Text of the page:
LARS II: HST Imaging Results

the Lyman alpha Reference Sample: II. HST imaging results, integrated properties and trends1

Abstract

We report upon new results regarding the Ly output of galaxies, derived from the Lyman alpha Reference Sample (LARS), focusing on Hubble Space Telescope imaging. For 14 galaxies we present intensity images in Ly, H, and UV, and maps of H/H, Ly equivalent width (EW), and Ly/H. We present Ly and UV light profiles and show they are well-fitted by Sérsic profiles, but Ly profiles show indices systematically lower than those of the UV ( instead of ). This reveals a general lack of the central concentration in Ly that is ubiquitous in the UV. Photometric growth curves increase more slowly for Ly than the FUV, showing that small apertures may underestimate the EW. For most galaxies, however, flux and EW curves flatten by radii  kpc, suggesting that if placed at high- , only a few of our galaxies would suffer from large flux losses. We compute global properties of the sample in large apertures, and show total luminosities to be independent of all other quantities. Normalized Ly throughput, however, shows significant correlations: escape is found to be higher in galaxies of lower star formation rate, dust content, mass, and several quantities that suggest harder ionizing continuum and lower metallicity. Eight galaxies could be selected as high- Ly emitters, based upon their luminosity and EW. We discuss the results in the context of high- Ly and UV samples. A few galaxies have EWs above 50 Å, and one shows  of 80%; such objects have not previously been reported at low-.

Subject headings:
cosmology: observations — galaxies: evolution — galaxies: formation — galaxies: starburst — radiative transfer
27

1. Introduction

The Lyman-alpha Reference Sample (LARS; Östlin et al, 2013, hereafter paper I) is a sample of 14 nearby star-forming galaxies, selected for observation with the Hubble Space Telescope and an array of other telescopes. The primary goals are to return detailed observations – both in images and spectra – of the Hi Ly emission line, and to do so in a sample that is simultaneously as free from bias as possible, statistically meaningful enough to observe trends within the sample, and comparable in selection to galaxies observed in the high- universe. With as much information about the emitted Ly as possible, the data-set is then completed by amassing as much information on the stars, and various phases of the interstellar medium as possible; from these we measure and map the properties of the galaxies, their intrinsic Ly, and the properties of the medium through which the Ly must travel in order to escape and reach the observer.

The astrophysical motivation for LARS is straightforward: Ly is intrinsically the most luminous feature in the spectrum of a hot source (Schaerer, 2003; Raiter et al., 2010), and was recognized almost half a century ago as a potential beacon through which to study the distant universe (Partridge & Peebles, 1967). However while intrinsically very luminous, the fact that it scatters wherever it encounters Hi gas means that it may encode not only information about the nebulae in which it was produced, but also the interstellar, circumgalactic, and intergalactic media through which it must have transferred. This radiative transport modifies the spectral distributions of the Ly radiation, typically resulting in the observed asymmetric line profiles (Kunth et al., 1998; Rhoads et al., 2003; Shapley et al., 2003; Shimasaku et al., 2006; Tapken et al., 2007; Vanzella et al., 2010; Lidman et al., 2012; Wofford et al., 2013) or double peaks (Shapley et al., 2006; Quider et al., 2009; Heckman et al., 2011; Kulas et al., 2012; Yamada et al., 2012), and spatially extended Ly emission (Fynbo et al., 2001; Steidel et al., 2003, 2011; Hayes et al., 2005, 2007; Östlin et al., 2009; Matsuda et al., 2012).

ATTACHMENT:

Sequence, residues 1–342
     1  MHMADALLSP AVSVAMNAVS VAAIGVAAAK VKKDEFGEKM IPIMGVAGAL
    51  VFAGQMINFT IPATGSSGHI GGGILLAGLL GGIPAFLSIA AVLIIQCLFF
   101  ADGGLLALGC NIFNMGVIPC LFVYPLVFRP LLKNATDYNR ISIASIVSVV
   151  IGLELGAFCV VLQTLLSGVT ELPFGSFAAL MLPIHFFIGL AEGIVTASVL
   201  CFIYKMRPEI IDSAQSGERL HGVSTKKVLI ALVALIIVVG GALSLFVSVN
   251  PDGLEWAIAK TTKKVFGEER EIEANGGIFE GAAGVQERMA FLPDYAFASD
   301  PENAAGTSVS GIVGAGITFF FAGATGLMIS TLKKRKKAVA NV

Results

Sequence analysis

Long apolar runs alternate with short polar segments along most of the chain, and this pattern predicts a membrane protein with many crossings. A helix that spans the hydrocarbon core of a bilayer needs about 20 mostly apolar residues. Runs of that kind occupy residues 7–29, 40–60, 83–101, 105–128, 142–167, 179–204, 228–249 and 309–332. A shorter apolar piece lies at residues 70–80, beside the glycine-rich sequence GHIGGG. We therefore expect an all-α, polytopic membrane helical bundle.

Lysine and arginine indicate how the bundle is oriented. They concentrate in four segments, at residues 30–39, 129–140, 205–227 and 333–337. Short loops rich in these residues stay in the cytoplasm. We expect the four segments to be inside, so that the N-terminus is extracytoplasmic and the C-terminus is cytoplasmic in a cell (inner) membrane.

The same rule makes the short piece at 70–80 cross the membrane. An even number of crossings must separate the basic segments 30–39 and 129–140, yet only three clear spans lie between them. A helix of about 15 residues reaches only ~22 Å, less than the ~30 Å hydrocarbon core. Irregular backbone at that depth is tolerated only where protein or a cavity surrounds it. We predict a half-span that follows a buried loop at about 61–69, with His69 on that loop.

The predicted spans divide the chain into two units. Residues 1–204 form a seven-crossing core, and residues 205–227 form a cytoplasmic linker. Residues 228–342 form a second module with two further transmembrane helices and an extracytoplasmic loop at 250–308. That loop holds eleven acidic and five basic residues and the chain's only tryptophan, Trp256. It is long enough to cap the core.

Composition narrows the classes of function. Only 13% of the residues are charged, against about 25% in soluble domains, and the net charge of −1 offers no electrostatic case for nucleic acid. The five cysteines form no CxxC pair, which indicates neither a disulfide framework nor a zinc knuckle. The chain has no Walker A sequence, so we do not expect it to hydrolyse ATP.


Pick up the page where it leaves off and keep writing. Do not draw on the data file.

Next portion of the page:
The Ly output from galaxies has been shown to evolve strongly with redshift (Hayes et al., 2011; Stark et al., 2011; Schaerer et al., 2011; Blanc et al., 2011; Dijkstra & Jeeson-Daniel, 2013) in a fashion that, in contrast to the star formation rate (SFR) density (e.g. Hopkins & Beacom, 2006), is completely monotonic. Naturally this phenomenon must reflect a fundamental change in the galaxy population, but currently the Ly emissivity is little more than an indicator. If we are to use Ly to study the high- galaxy population, and for example as a probe of cosmic reionization (Haiman & Spaans, 1999; Santos, 2004; Malhotra & Rhoads, 2004; Kashikawa et al., 2006; Dijkstra et al., 2007, e.g.), we need to understand under what conditions galaxies become strong Ly emitters. In doing so, we must simultaneously try to account for aperture losses that may result from Ly scattering, as low surface brightness haloes may, or may not (Feldmeier et al., 2013) be ubiquitous. This can only be achieved by assembling a data-set that comprises a sufficiently large sample of galaxies, and observations that measure all the quantities thought to be complicit in the Ly transport process. This second requirement also sets a limit on redshift: it must be low enough to enable us to study galaxies in detail, and probe the scattering medium directly. It was precisely to this end that the LARS survey was designed – Paper I gives a complete overview of the survey, motivations, and sample selection.